function, with the result of the function being the new value of each element in
the resulting RDD.
• It can be used to make HTTP requests to each URL in our input RDD, or it can be
used to calculate the square root of each number.

• The return type of the map function is not necessary the same as its input type.
Solution to
Airports by latitude problem
flatMap transformation
● flatMap is a transformation to create an RDD
from an existing RDD.

● It takes each element from an existing RDD and

it can produce 0, 1 or many outputs for each
flatMap vs map
flatMap example: split lines by space
1 New New
New York is York York
is is
located at 2 located
the United at
States the
3 the United
Input RDD United
Resulting RDD

flatMap VS map
map: 1 to 1 relationship



flatMap: 1 to many relationship


To the code!
Set operations
Set operations
Set operations which are performed on one RDD:
– sample
– distinct

• The sample operation will create a random sample from an RDD.

• Useful for testing purpose.


• The distinct transformation returns the distinct rows from the input

• The distinct transformation is expensive because it requires shuffling

all the data across partitions to ensure that we receive only one copy
of each element.
Set operations
Set operations which are performed on two RDDs and
produce one resulting RDD:
– union
– intersection
– subtract
– cartesian product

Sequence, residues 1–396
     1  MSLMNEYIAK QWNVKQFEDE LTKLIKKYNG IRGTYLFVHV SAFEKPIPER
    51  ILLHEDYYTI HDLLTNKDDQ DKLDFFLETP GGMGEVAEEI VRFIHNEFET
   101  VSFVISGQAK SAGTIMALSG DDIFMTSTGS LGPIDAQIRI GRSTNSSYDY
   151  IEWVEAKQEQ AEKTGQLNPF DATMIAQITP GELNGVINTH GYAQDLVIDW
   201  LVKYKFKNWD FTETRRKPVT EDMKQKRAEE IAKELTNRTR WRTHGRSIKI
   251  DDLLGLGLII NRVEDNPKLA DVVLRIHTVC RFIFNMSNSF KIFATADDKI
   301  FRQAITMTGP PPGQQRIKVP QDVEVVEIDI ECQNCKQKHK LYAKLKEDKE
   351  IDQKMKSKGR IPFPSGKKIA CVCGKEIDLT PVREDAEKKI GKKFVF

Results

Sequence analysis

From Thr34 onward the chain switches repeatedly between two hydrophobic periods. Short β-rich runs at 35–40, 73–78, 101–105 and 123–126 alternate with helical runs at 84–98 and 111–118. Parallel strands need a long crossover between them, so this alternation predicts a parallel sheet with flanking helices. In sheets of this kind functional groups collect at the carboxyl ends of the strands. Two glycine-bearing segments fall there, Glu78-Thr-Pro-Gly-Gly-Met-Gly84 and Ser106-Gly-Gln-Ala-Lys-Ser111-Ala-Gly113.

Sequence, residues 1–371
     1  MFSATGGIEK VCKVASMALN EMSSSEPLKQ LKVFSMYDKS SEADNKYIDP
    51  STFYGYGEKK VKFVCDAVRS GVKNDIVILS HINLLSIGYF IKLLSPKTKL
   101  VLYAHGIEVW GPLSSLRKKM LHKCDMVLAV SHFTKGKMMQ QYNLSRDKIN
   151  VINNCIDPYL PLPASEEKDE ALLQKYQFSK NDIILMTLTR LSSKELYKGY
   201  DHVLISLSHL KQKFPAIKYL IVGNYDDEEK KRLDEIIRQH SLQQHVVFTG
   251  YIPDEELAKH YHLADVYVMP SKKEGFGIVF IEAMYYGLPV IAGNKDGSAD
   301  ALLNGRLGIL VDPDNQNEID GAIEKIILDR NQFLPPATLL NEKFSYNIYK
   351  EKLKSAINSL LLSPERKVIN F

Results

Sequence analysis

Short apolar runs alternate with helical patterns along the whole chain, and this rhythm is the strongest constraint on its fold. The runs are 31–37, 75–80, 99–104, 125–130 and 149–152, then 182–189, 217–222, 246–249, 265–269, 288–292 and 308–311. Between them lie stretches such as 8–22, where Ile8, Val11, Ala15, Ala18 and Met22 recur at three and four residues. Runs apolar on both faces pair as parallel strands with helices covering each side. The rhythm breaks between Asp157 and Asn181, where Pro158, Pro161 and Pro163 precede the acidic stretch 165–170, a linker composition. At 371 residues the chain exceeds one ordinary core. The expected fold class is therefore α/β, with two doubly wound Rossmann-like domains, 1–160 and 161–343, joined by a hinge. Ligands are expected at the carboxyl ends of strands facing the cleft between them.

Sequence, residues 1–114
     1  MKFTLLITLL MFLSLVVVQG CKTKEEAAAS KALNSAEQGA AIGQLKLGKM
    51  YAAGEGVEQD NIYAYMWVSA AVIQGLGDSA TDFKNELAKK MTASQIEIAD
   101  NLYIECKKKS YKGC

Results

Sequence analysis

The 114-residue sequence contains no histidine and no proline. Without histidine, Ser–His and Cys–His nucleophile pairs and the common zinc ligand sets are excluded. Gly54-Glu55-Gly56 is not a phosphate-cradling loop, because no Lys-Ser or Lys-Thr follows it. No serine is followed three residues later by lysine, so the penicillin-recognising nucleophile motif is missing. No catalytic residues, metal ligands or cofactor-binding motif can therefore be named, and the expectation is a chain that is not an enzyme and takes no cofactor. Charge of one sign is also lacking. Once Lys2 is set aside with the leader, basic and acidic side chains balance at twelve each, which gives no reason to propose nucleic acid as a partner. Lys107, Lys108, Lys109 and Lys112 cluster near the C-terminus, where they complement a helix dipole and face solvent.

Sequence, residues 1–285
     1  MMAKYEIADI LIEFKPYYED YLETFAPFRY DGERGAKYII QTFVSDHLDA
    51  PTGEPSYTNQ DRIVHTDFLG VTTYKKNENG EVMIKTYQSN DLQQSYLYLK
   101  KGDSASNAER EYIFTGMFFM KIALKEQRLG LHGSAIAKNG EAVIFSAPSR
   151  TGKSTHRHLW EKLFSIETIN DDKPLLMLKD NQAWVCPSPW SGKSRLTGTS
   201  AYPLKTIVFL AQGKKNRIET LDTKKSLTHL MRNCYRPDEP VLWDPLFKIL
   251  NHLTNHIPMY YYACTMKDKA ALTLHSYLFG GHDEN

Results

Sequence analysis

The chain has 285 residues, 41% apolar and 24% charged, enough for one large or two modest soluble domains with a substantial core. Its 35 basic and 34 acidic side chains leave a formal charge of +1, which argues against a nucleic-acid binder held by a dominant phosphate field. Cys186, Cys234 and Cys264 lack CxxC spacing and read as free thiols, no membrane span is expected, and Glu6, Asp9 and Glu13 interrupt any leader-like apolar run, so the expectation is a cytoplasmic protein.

union operation

• Union operation gives us back an RDD consisting of the data from both input RDDs.

• If there are any duplicates in the input RDDs, the resulting RDD of Spark’s union
operation will contain duplicates as well.
intersection operation

• Intersection operation returns the common elements which appear in both input RDDs.

• Intersection operation removes all duplicates including the duplicates from single RDD
before returning the results.

• Intersection operation is quite expensive since it requires shuffling all the data across
partitions to identify common elements.
subtract operation

• Subtract operation takes in another RDD as an argument and returns us an RDD that
only contains element present in the first RDD and not the second RDD.

• Subtract operation requires a shuffling of all the data which could be quite expensive
for large datasets.
cartesian operation

• Cartesian transformation returns all possible pairs of a and b where a is in the source
RDD and b is in the other RDD.

• Cartesian transformation can be very handy if we want to compare the similarity

between all possible pairs.
• Actions are the operations which will return a final value to the
driver program or persist data to an external storage system.

• Actions will force the evaluation of the transformations

required for the RDD they were called on.
Common Actions in Spark
• collect
• count
• countByValue
• take
• saveAsTextFile
• reduce
• Collect operation retrieves the entire RDD and returns it to the driver program in
the form of a regular collection or value.
• If you have a string RDD, when you call collect action on it, you would get a list of
• This is quite useful if your spark program has filtered RDDs down to a relatively
small size and you want to deal with it locally.
• The entire dataset must fit in memory on a single machine as it all needs to be
copied to the driver when the collect action is called. So collect action should NOT
be used on large datasets.
• Collect operation is widely used in unit tests, to compare the value of our RDD
with our expected result, as long as the entire contents of the RDD can fit in